Given the success of our list of five fellow boaters to avoid on a cruise, we thought we would expand it with a second installment. Here are five more types of sailors you would do well to avoid boarding if you don’t want your vacation to turn into “Ten Calm Hours Flat.”
Five boating companions to avoid on a cruise
In Liguria they also call it “bauscia,” but beware: do not identify it with “Milanese,” it mostly stands for behavior. This gentleman at the dock and before sailing knows everything. He has participated in ocean sailing courses. He has been aboard Soldini’s boat. He even once saved a castaway from certain death and in match-race claims to have given James Spithill a run for his money. But strangely, he is not listed in any roll of honor, and if you try to “google” his name nothing will appear. As soon as you are in navigation, you will understand why. He pretends to be at the helm, and as he sails he pulls behind the pillar to which he had obviously forgotten the 220 outlet attached. The braggart can’t tell the difference between mainsail and genoa (which he thinks is a soccer team), confuses speech with bowsprit, and thinks fenders are an aesthetic decoration. Disaster. It is probably true that he gave Spithill a run for his money: but he was in the boat with him.
Well yes, this character of Pirandellian memory also roams the docks. You are on board, sailing to Elba, ahead of Livorno. The sun is shining, a light breeze accompanies you on the flat August sea. “But how come you don’t have the self-inflating jacket on?” the hyectator asks you. “And where are the life-lines?“. You would feel like telling him to go to hell, but there is no time, because a sudden rump runs over you and you find yourself, in Bermuda shorts and a T-shirt, battling a storm that not even at Sydney Hobart. Reducing your brain to mush, as you are desperately trying to give two hands of terzaroli, will be the phrases uttered to yourself (but loud enough to be heard) by the hyphenator: “Eh… I said it… eh… the Grib Files… eh… the meteorology course.”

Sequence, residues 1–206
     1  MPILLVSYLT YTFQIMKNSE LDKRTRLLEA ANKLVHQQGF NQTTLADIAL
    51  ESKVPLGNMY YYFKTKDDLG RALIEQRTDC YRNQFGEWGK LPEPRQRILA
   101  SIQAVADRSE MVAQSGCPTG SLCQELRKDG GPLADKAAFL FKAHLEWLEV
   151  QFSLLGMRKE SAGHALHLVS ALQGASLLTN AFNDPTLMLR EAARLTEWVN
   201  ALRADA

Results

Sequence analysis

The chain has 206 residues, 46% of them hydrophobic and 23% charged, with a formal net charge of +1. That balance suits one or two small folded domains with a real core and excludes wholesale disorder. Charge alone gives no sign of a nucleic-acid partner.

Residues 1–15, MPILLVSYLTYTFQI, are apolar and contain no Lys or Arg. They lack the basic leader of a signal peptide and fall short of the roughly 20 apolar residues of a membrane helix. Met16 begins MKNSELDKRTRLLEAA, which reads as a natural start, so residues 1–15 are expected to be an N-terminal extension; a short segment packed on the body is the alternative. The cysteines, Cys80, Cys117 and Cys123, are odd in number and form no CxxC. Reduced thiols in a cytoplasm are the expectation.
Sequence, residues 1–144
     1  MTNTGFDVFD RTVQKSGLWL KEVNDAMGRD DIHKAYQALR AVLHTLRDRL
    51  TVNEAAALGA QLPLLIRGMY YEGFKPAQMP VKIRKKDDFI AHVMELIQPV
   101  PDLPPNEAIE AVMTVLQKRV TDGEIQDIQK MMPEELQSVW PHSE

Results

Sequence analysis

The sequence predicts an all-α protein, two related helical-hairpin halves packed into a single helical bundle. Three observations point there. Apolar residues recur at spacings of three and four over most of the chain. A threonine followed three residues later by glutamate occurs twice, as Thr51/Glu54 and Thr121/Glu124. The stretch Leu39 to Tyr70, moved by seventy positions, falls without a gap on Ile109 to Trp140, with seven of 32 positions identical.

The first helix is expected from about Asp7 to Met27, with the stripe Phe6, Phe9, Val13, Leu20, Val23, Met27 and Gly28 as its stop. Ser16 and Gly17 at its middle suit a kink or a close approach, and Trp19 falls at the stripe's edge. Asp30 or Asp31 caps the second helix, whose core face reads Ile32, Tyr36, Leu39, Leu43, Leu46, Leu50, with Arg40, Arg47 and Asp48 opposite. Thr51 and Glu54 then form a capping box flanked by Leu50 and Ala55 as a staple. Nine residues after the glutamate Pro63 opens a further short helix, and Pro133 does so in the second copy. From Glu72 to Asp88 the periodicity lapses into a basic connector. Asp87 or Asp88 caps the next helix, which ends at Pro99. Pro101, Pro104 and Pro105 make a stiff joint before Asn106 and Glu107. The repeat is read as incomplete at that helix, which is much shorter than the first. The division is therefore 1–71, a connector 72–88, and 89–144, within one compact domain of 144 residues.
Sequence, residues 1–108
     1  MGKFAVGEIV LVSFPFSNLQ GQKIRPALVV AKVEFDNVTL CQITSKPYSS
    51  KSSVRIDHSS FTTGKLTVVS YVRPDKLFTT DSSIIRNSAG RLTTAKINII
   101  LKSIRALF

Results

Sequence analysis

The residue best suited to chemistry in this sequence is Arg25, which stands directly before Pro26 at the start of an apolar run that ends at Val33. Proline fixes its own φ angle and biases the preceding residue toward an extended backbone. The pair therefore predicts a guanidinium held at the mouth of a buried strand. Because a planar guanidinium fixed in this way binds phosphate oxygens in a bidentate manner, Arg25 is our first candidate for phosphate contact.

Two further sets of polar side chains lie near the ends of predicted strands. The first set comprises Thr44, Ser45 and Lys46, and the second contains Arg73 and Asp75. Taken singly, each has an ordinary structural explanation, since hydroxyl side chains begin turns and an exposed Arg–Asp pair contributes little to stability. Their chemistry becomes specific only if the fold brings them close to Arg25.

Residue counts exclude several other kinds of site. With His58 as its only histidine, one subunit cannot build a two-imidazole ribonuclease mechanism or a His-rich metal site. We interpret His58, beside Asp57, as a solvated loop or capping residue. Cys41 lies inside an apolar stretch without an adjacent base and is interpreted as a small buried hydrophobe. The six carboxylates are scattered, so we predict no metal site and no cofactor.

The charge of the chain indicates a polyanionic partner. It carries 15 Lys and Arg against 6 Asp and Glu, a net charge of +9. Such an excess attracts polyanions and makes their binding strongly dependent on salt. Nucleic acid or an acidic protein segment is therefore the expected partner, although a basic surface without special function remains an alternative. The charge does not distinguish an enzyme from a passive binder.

We don’t begrudge the female readers, but alas, this is a well gendered character. The girlfriend of some of your fellow boaters who arrives in a twelve heel and a stiff Hermes suitcase: who scolds you if the boat tilts and if the mainsail covers her sun. That with the fresh water he uses to take a shower on board could solve the thirst problem throughout Africa. That, at 6 a.m., at roadstead, wakes up the entire crew to force them into an unlikely “sun salutation.” Who, for Pete’s sake, is with your very dear friend and you can’t say anything to her so as not to ruin a years-long relationship of mutual affection (with your friend), otherwise, so much for the feminists, you would smack her and force her to watch Wertmüller’s “Swept Away by an Unusual Destiny in the Blue Sea of August” 100 times.
You are about to moor at the dock: you have assigned roles to the crew, there is one already ready with the half sailor for the stern and two at the stern, ready to receive the lines from the mooring man. When out from below deck pops him, the crazy mooring advisor. He takes command of operations without being authorized by anyone. He gives contradictory orders to the helmsman, for his part he fiddles with the gears, reverse and forward, reverse and forward, shouting left and right disorienting the crew. The result: you will find yourself transfixed in no time, with a nice dirty tug crawling on deck or wrapped around the engine propeller, and your boat neighbors cursing because obviously the fenders, moved by the insane advisor, are not in the right position. The counselor will contemplate the mess made and comment, seraphically, “Eh but if you never listen to me….”
Be careful to avoid like the plague the miser on board, or your cruise will turn into a terrible captivity of tuna, beans and stale bread and 30 grams of pasta (cooked in seawater) every week. It will force you to wash exclusively with seawater. It will demand to go sailing even in full becalmed conditions and, in the worst case scenario, will force you, if you really cannot stop at the roadstead, to moor at the transit in the marinas but only after midnight, waking you up at five in the morning to set sail and thus not paying the fee.